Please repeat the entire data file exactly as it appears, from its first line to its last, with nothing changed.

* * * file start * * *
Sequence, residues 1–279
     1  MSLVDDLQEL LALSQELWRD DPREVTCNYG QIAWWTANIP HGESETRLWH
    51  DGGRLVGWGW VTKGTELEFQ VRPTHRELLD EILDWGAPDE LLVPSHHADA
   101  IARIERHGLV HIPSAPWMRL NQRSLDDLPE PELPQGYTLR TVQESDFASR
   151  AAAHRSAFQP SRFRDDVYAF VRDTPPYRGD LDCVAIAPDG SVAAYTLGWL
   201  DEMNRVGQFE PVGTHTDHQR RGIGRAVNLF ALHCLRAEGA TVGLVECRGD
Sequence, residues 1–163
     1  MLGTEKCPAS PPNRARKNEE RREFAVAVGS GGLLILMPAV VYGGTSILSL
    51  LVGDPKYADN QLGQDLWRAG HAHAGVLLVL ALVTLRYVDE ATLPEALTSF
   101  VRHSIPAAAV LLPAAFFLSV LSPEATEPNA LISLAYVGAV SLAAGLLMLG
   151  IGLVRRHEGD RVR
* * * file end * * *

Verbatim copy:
Sequence, residues 1–279
     1  MSLVDDLQEL LALSQELWRD DPREVTCNYG QIAWWTANIP HGESETRLWH
    51  DGGRLVGWGW VTKGTELEFQ VRPTHRELLD EILDWGAPDE LLVPSHHADA
   101  IARIERHGLV HIPSAPWMRL NQRSLDDLPE PELPQGYTLR TVQESDFASR
   151  AAAHRSAFQP SRFRDDVYAF VRDTPPYRGD LDCVAIAPDG SVAAYTLGWL
   201  DEMNRVGQFE PVGTHTDHQR RGIGRAVNLF ALHCLRAEGA TVGLVECRGD
Sequence, residues 1–163
     1  MLGTEKCPAS PPNRARKNEE RREFAVAVGS GGLLILMPAV VYGGTSILSL
    51  LVGDPKYADN QLGQDLWRAG HAHAGVLLVL ALVTLRYVDE ATLPEALTSF
   101  VRHSIPAAAV LLPAAFFLSV LSPEATEPNA LISLAYVGAV SLAAGLLMLG
   151  IGLVRRHEGD RVR